“And if they show up, they’re going to show up later. That’s the fear with the early games just because the fans may not really be awake yet,” Harakal said. “We already know that Fan Fare is going to be light because nobody is going to wake up that early. They will probably just wake up to go to the game. We don’t know what the Grove is going to look like. I would tell fans that if they can come early enough to come to the Grove show, which is an hour and a half before the game starts, I would say that’s probably a good way to get them kicked in.”
“And if they can’t make it for that, try and make it for the pre-game show for the Rebelettes especially,” Cryer added. “We are a part of the band as well and pre game is the best part and that’s when everyone is really getting excited. The band is playing the Hey song and there are the intro videos and then Hotty Toddy. You have to be there for that.”
Cryer, who coached two years right after graduating, said it was incredibly different now at Ole Miss compared to when she was in school.
“We felt supported back when I was on the team, but now that I see everything that the girls get and just the way they are supported by the band and in huge part by athletics, it’s crazy,” Cryer said. “They understand how important spirit squads are because they can speak well and represent our university. They’re more accessible than the football players or the basketball players.”
For Harakal, all the games slur together into one big day. She said each game has an issue and there is always a highlight of the game.
“For me, what it is, every time they get to put on the uniform and get to walk out those doors as Ole Miss cheerleading, that’s always the best for me, no matter what they’re doing,” Harakal said.
Cryer said that three seasons ago, a lot of great things started to happen in sports like the Rebels making it to the NCAA Tournament in basketball or the win over Alabama at home in 2014.
“It’s continuing to build and you think how can it get any better and then the next year it gets better and the next year gets better,” Cryer said. “Beating Alabama was huge at home. And then the Sugar Bowl last year was awesome. Then this past weekend was great. You hope for a different outcome, but it was an exciting game. When I was on the team, we never had College Game Day. SEC Nation wasn’t here yet and now they’ve started to come on campus. Katy Perry coming was huge because we got to meet her.”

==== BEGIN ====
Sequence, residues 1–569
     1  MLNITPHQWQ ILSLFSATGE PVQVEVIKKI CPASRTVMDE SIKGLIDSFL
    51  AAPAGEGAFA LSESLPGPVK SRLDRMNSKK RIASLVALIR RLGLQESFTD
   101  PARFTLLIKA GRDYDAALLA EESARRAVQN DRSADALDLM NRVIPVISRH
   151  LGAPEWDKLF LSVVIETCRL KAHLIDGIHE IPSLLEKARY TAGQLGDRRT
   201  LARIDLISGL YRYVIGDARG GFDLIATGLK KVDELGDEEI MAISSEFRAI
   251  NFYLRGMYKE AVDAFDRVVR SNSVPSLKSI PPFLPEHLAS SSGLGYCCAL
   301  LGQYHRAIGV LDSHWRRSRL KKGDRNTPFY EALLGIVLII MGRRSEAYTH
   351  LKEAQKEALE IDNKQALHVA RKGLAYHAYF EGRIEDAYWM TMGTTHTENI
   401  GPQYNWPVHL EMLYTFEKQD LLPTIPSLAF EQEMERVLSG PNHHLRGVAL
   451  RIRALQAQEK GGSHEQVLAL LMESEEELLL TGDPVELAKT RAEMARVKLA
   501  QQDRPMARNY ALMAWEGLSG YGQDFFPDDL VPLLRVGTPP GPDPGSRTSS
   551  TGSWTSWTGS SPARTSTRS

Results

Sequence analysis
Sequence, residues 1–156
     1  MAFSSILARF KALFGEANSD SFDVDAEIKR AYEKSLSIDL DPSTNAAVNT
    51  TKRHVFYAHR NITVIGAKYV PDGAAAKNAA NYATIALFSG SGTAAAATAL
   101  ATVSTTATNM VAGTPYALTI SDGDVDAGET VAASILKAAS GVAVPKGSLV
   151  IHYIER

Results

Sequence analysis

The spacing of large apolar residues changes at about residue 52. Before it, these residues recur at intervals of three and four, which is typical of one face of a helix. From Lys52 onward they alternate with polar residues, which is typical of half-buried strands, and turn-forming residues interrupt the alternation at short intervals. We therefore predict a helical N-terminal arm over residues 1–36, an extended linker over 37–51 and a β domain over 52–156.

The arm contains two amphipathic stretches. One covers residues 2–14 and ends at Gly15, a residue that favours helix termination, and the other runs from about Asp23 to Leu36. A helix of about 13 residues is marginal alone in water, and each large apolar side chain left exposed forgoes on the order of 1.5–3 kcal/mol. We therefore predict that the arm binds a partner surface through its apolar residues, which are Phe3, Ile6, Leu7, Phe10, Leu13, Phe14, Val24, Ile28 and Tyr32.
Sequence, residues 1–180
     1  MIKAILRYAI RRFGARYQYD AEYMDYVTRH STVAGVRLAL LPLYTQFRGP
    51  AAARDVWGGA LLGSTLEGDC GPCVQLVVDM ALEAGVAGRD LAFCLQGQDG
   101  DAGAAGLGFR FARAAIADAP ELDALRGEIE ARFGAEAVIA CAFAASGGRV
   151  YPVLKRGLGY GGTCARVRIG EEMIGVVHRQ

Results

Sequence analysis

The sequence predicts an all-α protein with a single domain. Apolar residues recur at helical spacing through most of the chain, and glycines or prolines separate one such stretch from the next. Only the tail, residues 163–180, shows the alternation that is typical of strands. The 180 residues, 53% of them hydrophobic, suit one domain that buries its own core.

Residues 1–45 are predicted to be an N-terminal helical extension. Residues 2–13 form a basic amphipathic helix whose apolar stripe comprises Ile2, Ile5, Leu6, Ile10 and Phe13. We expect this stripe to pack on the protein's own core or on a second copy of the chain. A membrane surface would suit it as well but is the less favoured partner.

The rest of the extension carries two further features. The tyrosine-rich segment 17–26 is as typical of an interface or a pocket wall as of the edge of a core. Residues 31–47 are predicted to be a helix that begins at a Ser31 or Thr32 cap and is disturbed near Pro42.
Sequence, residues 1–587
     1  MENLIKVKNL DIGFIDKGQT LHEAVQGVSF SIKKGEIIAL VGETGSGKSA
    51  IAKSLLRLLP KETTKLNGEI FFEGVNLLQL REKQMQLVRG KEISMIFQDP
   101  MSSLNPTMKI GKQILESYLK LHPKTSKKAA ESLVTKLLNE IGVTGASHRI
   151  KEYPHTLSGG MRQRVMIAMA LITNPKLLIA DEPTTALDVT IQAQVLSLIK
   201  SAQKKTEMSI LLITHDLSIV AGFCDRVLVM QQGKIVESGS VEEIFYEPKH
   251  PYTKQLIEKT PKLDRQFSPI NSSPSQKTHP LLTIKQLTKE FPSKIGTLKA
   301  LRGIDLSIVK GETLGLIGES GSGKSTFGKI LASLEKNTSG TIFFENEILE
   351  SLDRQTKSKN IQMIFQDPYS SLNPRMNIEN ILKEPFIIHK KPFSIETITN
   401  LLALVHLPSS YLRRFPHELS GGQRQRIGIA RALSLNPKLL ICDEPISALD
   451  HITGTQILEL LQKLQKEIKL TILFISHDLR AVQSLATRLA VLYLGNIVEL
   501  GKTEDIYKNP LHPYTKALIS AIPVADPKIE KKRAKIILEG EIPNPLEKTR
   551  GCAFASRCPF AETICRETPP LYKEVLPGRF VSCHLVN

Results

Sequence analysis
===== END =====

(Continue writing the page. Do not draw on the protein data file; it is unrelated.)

This past summer, the cheer squad attended camp in Johnson City, Tennessee at East Tennessee University. Harakal said a lot of Big Ten schools were there.
“We used to go to Alabama in Tuscaloosa but that camp got way too large and we felt like we wanted a different atmosphere and not with the people that we are going to consistently see in the SEC all year long,” Harakal said. “We wanted to see something different, especially from a competitive standpoint. East Tenn was a great experience. The only SEC team we got to see was Kentucky, which we don’t get to see very often. It was nice to hang out with a new crew.”
Harakal added that this year’s cheer squad was the most talented one that has come through in a long time. At last year’s national competition, another aspect the team takes part in, the squad finished fourth.
“Us staying in the top five is kind of a new trend for us, which is abnormal for where Ole Miss has come from,” Harakal said. “We feel really good about our team this season and we feel like we’re going to stay in the top five.”
The nationals for dance are hit hard in December and January, Cryer said because they are also coming up with new routines for each basketball game. This past year, they made it to the finals and placed seventh in the hip hop category, which was “huge” Cryer said. Some of the spirit squad teams that Ole Miss competes against at these national events are just geared to the specific competitions. And all of the schools are as large, or larger.
“We are game day and compete. We want to be successful, but we don’t come in on Sundays and just have a nationals practice for five hours after a football game. We kind of prioritize a little bit different,” she said. “Their quality of life is important. We don’t want them to get burned out as much as we possibly can.”
“We are definitely blessed in the sense that our spirit teams actually love each other,” Harakal said. “We get along so well. We support each other. We all inter mix and that makes it so much easier if we have to be at a place. They’re all working together at events and games.”